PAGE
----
With its huge “unbanked” population, Africa has seen some of the most rapid adoption of mobile payment systems in the world. While few people have a bank or credit card—or a formal bank account—most people have a mobile phone, and in places like Kenya, 70% of people with phones also use them as a “mobile wallet” for making payments via SMS. Sub-Saharan Africa (excluding South Africa) has fewer than 30 million bank cards in circulation, but more than 150 million mobile wallets, worth an estimated $90 billion. There are mobile money services in nearly every market, but most are confined to domestic transactions, with almost no interoperability between networks or across borders.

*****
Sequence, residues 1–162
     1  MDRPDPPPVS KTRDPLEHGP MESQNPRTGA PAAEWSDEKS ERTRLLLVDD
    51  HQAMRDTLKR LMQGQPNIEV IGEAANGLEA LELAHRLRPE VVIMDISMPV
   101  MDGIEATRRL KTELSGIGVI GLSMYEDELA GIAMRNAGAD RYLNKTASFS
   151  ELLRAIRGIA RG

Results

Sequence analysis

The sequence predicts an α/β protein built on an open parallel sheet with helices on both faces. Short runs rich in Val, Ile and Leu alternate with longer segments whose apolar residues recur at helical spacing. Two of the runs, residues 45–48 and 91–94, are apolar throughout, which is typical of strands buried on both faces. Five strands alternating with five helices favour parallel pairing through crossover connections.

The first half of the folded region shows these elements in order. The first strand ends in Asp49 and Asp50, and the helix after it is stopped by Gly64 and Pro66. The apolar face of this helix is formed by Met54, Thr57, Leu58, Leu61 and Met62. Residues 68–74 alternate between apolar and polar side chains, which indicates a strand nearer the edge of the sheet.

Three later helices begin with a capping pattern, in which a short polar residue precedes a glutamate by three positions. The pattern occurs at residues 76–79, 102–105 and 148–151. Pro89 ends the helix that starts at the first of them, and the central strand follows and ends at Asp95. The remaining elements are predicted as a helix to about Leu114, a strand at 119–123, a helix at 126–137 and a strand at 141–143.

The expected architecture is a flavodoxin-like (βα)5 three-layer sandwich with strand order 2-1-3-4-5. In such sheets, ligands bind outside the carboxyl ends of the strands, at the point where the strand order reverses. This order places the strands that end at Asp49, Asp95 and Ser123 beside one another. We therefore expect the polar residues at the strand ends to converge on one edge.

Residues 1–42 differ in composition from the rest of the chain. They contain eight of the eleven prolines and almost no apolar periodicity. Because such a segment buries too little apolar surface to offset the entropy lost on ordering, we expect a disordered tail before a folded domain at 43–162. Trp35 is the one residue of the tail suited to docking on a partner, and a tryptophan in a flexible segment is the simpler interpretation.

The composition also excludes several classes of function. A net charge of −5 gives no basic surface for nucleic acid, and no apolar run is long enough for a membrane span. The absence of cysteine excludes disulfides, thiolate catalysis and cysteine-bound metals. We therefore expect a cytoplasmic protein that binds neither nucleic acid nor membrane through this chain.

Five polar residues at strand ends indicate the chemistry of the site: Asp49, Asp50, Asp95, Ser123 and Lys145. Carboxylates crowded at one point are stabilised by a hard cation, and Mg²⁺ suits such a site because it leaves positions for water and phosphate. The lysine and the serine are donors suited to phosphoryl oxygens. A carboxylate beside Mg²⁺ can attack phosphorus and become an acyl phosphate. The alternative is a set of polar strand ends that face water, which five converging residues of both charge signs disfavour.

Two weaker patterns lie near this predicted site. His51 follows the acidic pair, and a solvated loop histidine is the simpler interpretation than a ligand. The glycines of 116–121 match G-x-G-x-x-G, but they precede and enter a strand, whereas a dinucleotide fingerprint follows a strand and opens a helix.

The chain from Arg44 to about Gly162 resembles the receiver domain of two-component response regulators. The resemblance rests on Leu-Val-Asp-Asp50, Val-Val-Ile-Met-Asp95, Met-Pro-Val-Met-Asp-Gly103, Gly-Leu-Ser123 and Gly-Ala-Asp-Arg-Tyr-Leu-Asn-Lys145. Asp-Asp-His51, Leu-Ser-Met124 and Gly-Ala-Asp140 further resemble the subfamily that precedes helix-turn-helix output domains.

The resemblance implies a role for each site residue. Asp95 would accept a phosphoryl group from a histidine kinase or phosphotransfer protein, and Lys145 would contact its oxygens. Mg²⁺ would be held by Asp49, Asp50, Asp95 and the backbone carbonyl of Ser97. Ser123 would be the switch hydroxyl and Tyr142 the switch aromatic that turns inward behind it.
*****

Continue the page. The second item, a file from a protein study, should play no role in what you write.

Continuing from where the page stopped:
To let customers send money to people outside their network or their country—and enable banks, mobile operators, merchants, utility providers, and employers to issue microloans, sell airtime, accept e-payments, and pay digital wages—all these systems need a way to talk to each other. That’s what Port Louis, Mauritius-based MFS Africa does. Through partnerships with major mobile network operators like Airtel, Econet, MTN, Orange, Tigo, and Vodafone, this startup has become the largest mobile money gateway on the continent, connecting 120 million mobile wallets across Sub-Saharan Africa through its API platform. Moving to monetize its position at the center of this vast and still largely untapped financial market, the company spent 2016 in strategic-expansion mode, forging a partnership with Wari, a popular Senegalese money transfer service, to build out its remittance and payments service popular with major employers in the region, and in July bought Sochitel, an international airtime “top-up” provider, to add airtime top-ups to its portfolio of services.